Signing out my 2011 account in winter sunshine
by PeteR » Wed Dec 21, 2011 11:02 pm
Route description: Meall Glas and Sgiath Chuil from Glen Dochart
Munros included on this walk: Meall Glas
Date walked: 18/12/20115 people think this report is great. Register or Login free to be able to rate and comment on reports (as well as access 1:25000 mapping).
The plan for my final walk of 2011 was to attempt a couple of ‘local’ hills that have been a blot on my Munro map for too long now – Meall Glas and Sgiath Chuil. I’d read many descriptions of these two by eminent guide writers which didn’t do much to enhance them or encourage me to walk them, perhaps explaining why they remained as red marks on my map. I’d had them as possibly good winter walks though, but only in reasonable weather as the terrain looked less than inviting.
I couldn’t believe my luck when I set off on Sunday morning. Ok, it was dark when I set off but the skies were clear and remained so as the sun came up. In fact, there wasn’t a cloud in the sky as I drove straight past the start of the walk at Auchessan (the two chaps kitting up was all the giveaway I needed to point out where the route started, not that that stopped me driving passed ). Anyway, I parked up at a lay by a little way east of the start and got myself ready. Arriving at the track to Auchessan another chap was just setting off and we got talking a while as we walked. He was off to do the Corbett of Beinn nan Imirean, having compleated the Munros some while before.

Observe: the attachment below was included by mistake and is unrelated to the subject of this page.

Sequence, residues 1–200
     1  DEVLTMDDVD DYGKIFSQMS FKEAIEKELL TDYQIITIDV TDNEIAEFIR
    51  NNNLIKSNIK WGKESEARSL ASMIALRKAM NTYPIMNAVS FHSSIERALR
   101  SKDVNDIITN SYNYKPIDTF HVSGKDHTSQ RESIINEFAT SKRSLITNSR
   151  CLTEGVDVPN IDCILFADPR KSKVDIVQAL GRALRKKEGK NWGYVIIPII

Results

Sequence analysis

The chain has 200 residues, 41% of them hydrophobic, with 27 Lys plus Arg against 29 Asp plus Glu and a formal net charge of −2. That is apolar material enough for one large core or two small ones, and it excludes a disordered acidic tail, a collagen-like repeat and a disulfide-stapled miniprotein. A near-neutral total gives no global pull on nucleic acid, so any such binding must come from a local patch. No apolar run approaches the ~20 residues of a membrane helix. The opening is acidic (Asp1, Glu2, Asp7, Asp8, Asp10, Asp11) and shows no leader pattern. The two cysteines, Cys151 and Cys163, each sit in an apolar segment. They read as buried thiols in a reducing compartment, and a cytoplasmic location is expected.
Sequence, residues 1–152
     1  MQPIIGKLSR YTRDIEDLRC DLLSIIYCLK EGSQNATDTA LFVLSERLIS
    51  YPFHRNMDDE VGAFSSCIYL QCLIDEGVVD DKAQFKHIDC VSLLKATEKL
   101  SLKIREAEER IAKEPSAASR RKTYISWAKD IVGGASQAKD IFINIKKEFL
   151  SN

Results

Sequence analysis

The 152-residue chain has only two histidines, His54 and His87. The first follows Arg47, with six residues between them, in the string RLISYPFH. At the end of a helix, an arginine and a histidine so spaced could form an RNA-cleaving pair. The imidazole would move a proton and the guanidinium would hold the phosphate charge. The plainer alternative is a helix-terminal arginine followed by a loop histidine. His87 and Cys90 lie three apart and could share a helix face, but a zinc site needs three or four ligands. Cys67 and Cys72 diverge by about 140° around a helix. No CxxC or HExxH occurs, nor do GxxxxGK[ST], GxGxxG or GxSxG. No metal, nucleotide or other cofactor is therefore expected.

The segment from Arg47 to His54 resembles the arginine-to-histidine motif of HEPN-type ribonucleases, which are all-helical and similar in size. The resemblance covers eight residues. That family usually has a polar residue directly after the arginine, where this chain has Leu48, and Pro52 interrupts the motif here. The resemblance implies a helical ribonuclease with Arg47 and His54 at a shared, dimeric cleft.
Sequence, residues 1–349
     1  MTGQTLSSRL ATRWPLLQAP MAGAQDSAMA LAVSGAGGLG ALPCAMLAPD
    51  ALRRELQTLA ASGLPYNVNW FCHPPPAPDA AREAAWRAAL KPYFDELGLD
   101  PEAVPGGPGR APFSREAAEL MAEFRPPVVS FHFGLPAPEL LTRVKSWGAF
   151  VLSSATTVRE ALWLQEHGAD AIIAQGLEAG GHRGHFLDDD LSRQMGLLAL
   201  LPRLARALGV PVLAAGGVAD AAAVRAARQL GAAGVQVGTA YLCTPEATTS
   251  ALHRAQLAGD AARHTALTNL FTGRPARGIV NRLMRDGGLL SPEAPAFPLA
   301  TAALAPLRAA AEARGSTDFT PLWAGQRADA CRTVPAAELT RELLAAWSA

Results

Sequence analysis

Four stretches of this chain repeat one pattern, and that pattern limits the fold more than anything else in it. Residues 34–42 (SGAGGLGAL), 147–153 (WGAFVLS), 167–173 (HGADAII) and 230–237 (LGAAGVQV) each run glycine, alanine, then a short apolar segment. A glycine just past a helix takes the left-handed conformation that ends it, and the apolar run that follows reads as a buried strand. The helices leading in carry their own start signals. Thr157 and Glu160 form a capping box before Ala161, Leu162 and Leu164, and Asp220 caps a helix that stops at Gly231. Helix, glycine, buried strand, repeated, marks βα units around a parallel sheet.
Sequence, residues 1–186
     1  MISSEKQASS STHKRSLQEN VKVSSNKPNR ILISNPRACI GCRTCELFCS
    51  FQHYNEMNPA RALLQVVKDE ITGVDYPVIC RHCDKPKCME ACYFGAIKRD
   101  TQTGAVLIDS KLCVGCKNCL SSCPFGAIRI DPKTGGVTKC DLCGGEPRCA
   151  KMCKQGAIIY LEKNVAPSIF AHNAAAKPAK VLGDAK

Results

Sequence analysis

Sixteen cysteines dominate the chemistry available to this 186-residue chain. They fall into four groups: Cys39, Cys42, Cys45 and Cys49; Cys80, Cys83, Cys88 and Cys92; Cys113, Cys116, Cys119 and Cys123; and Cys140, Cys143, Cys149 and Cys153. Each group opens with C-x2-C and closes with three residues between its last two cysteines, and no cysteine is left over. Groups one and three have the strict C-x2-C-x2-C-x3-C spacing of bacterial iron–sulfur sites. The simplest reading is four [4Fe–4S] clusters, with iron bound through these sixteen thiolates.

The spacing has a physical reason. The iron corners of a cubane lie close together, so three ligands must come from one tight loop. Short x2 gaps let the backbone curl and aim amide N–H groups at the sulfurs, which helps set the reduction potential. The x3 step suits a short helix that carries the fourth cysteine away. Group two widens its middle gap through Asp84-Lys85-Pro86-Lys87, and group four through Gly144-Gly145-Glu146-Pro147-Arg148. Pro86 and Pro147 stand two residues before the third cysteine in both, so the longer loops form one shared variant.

I probably should have cut off earlier than I did, but I’d continued walking with this chap along the landrover track until passing through a gate on the plateau at the foot of Meall Glas Beag. Saw a fairly large herd of deer in a group away in front of Beinn nan Clach.
I was probably a bit further west than I should have been by this time, but from this point my walking companion and I parted company and I headed back in a north easterly(ish) direction in order to find my route onto Meall Glas. I’m not sure what difference it made, given the amount of snow anyway. Any sign of a path where I perhaps should have been walking was probably well and truly hidden by the snow and so, as it was where I was walking, it would no doubt have been a case of picking my own way toward the hill through the snow.
The snow was a bit of a b****r though Sometimes firm Sometimes not Sometimes hiding holes for me to fall in Sometimes showing me where the holes were, but I fell in them all the same All in all it was slow progress as the unpredictability of the snow sapped the energy from my legs The views were great though. I had no complaints there